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A 13-year-old has told a court he was telling the truth when he claimed he was sexually assaulted at a mosque by his Sheffield-based imam.
The boy, who cannot be named, claims Mohammed Hanif Khan, 42, sexually assaulted him when he was 12 inside the mosque on Capper Street, Stoke on Trent.
Khan, of Owler Lane, Sheffield, denies eight charges, including attempting to rape the boy's teenage cousin as he stayed over at his home one evening.
He is charged with three counts of rape, four counts of attempted rape and one count of sexual activity with a child, all alleged to have taken place between July 1 and October 16, 2009.
On Wednesday prosecutor Tariq Bin Shakoor told the jury the boy claimed in police interviews in October 2009 that he was singled out by Khan after evening prayer on several occasions, the first of which was around August 2009. He was sexually assaulted in various areas of the mosque which were not covered by CCTV, Mr Shakoor told the court.
Giving evidence from behind a screen, the boy said he attended the mosque for evening classes every weekday, arriving at around 6pm and leaving about an hour later.
The court heard the boy told police the last alleged assault, said to be on October 16, 2009, happened in a private room. When asked by the defence barrister, Robert Woodcock QC: "Did it happen at all?", he replied: "It did happen."
Mr Woodcock suggested on that occasion the boy was upset because the imam had thought he could smell drugs on him and questioned him about it.
He said: "He detected on you the smell of cannabis and asked you about it, didn't he? Once again he made it clear to you that he thought you and (your cousin) were up to no good, didn't he?" The boy replied "no" to both questions.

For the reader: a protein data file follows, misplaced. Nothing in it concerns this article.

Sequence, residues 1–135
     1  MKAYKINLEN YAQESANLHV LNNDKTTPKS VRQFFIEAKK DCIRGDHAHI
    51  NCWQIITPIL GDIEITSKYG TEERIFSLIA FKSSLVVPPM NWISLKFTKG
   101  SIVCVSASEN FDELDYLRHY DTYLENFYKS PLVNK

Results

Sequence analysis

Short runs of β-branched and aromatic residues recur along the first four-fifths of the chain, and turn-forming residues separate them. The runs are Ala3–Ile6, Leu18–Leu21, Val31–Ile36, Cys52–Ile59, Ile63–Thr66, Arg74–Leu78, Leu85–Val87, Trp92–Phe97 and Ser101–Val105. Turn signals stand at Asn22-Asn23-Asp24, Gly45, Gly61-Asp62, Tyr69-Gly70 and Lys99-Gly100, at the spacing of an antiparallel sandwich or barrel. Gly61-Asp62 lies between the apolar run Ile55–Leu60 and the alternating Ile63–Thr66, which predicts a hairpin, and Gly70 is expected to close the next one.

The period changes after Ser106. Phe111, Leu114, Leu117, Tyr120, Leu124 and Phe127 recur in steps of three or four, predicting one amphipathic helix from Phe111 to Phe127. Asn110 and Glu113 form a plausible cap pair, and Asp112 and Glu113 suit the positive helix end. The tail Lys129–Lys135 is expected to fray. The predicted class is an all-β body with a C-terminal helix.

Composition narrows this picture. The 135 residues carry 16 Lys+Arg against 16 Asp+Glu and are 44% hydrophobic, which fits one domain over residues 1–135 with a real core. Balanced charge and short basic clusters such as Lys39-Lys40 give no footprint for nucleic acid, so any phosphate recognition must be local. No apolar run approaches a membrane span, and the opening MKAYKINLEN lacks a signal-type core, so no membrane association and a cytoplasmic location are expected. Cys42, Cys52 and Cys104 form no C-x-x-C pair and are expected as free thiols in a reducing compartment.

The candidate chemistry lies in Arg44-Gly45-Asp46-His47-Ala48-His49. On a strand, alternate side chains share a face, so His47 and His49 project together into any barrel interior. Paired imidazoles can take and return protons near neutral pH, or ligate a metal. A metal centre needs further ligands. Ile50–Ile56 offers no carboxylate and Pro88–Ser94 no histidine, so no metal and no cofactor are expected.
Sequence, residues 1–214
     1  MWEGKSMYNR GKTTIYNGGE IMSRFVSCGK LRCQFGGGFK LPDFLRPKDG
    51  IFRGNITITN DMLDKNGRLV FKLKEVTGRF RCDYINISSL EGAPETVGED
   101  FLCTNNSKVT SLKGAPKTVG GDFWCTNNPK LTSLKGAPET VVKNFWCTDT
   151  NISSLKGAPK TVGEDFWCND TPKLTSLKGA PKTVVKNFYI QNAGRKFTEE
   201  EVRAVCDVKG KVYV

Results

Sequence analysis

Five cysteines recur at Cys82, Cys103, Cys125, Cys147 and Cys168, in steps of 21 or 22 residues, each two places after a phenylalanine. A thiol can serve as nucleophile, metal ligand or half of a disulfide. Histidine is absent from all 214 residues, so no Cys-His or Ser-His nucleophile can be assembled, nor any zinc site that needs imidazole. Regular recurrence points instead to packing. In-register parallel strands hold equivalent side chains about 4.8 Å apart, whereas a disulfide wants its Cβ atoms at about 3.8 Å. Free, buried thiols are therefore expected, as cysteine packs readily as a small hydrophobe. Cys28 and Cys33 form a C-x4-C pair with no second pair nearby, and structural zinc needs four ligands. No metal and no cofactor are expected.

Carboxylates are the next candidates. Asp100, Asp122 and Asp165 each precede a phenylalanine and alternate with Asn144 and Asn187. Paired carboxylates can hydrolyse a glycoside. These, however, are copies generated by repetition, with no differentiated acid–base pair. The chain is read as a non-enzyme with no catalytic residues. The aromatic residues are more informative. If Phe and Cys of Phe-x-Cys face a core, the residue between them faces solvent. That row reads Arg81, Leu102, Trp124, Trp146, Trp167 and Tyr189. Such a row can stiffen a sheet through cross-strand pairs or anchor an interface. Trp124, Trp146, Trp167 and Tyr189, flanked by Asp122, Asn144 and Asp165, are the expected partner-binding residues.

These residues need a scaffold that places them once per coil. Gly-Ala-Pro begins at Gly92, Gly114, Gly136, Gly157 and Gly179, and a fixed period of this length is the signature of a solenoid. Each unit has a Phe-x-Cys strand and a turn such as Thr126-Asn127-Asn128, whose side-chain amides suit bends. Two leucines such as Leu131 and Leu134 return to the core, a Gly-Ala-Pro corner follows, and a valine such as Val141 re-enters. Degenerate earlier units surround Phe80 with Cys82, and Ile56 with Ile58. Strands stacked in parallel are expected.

On Wednesday the court heard Khan was arrested on October 19, 2009. The case at Nottingham Crown Court was adjourned until Friday.
British imam charged with raping minor boy
Khan is also charged with the attempted rape of and sexual activity with the boy's cousin, who was 15 at the time, as he stayed over at his home one evening.
Khan, from Sheffield, appeared at the Nottingham Crown Court and spoke only to confirm his name and to enter not guilty pleas to all eight charges against him.
He is charged with three counts of rape, four counts of attempted rape and one count of sexual activity with a child, which allegedly took place between July and October 2009.
Prosecutor Tariq Bin Shakoor told the jury that Khan's job as imam of the mosque was to lead prayers and to give Islamic education lessons to boys who attended evening classes there.
He said that in police interviews, the 12-year-old boy - who cannot be named - said he was singled out by Khan following the evening prayer on about half a dozen occasions.
"On each occasion it happened at the mosque, usually after the formal prayers in the main prayer hall. The defendant would request him to lay out his red prayer mat in a different part of the mosque. That is when the remaining prayer would be completed individually and not in congregation," Shakoor said.
"He seems to suggest that usually the defendant would take him through the door marked 'private' and into the sitting room area, and into the room with cushions on the floor used by committee members."
The prosecutor said the accused chose different places within the mosque that were not covered by CCTV cameras.
He said the boy described the defendant asking him before the alleged abuse, "Do you want some?" and when the boy replied in the negative, the defendant would say, "For God's sake, just say yes".